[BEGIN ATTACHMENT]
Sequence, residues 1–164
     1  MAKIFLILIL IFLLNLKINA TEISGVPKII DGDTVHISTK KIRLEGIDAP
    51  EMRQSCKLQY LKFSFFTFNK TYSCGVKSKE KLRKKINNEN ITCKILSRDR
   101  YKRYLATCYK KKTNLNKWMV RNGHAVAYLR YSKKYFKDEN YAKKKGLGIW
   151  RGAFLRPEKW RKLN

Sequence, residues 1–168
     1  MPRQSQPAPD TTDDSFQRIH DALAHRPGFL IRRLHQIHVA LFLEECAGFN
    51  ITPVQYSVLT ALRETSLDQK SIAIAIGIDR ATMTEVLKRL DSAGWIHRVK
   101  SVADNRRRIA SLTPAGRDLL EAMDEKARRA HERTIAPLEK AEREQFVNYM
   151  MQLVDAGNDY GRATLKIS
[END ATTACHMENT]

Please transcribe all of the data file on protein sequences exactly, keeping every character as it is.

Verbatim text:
Sequence, residues 1–164
     1  MAKIFLILIL IFLLNLKINA TEISGVPKII DGDTVHISTK KIRLEGIDAP
    51  EMRQSCKLQY LKFSFFTFNK TYSCGVKSKE KLRKKINNEN ITCKILSRDR
   101  YKRYLATCYK KKTNLNKWMV RNGHAVAYLR YSKKYFKDEN YAKKKGLGIW
   151  RGAFLRPEKW RKLN

Sequence, residues 1–168
     1  MPRQSQPAPD TTDDSFQRIH DALAHRPGFL IRRLHQIHVA LFLEECAGFN
    51  ITPVQYSVLT ALRETSLDQK SIAIAIGIDR ATMTEVLKRL DSAGWIHRVK
   101  SVADNRRRIA SLTPAGRDLL EAMDEKARRA HERTIAPLEK AEREQFVNYM
   151  MQLVDAGNDY GRATLKIS